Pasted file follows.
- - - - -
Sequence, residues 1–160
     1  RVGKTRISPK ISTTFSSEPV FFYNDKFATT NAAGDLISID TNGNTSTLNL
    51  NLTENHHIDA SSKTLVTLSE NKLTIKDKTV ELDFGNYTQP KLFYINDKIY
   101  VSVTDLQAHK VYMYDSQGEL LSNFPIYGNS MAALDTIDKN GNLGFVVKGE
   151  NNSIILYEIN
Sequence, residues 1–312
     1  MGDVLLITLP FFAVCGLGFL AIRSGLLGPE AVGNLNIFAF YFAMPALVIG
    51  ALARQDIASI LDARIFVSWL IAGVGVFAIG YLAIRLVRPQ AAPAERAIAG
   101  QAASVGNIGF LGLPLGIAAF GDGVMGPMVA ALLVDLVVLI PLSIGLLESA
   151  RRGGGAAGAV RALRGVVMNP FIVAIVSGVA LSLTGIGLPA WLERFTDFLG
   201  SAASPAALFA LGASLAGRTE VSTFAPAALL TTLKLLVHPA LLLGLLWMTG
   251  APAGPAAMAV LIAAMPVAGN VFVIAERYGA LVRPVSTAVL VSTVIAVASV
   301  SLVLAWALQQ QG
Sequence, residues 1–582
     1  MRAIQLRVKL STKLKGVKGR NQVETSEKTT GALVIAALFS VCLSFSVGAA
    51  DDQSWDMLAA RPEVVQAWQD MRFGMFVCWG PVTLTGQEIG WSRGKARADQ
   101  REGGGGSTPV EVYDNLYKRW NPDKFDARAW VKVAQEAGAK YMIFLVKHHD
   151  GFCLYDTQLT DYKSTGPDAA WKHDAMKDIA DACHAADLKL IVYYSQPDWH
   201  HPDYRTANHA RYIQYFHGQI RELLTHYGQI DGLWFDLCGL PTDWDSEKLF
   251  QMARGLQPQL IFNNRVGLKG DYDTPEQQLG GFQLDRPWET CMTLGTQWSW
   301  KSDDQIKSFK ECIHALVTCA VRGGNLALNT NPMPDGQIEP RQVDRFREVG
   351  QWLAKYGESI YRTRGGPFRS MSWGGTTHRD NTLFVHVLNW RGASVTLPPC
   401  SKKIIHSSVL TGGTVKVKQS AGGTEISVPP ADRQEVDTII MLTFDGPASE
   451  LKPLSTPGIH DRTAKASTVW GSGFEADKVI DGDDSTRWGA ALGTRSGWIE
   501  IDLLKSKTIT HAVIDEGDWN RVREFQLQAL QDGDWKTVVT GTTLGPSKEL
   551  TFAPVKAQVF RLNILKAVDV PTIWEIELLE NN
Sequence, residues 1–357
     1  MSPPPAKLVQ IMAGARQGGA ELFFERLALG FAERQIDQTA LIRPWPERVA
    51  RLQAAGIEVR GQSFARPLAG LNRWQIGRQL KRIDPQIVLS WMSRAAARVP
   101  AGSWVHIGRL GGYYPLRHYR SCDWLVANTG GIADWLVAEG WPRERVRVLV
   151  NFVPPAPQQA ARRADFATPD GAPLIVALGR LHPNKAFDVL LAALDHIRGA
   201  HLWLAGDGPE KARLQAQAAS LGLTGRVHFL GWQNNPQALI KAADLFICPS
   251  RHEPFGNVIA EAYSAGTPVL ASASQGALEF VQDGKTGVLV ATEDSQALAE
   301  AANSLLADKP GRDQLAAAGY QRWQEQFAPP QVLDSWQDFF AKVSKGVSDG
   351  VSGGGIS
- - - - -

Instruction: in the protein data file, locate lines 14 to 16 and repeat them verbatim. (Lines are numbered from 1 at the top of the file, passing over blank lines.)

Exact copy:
Sequence, residues 1–582
     1  MRAIQLRVKL STKLKGVKGR NQVETSEKTT GALVIAALFS VCLSFSVGAA
    51  DDQSWDMLAA RPEVVQAWQD MRFGMFVCWG PVTLTGQEIG WSRGKARADQ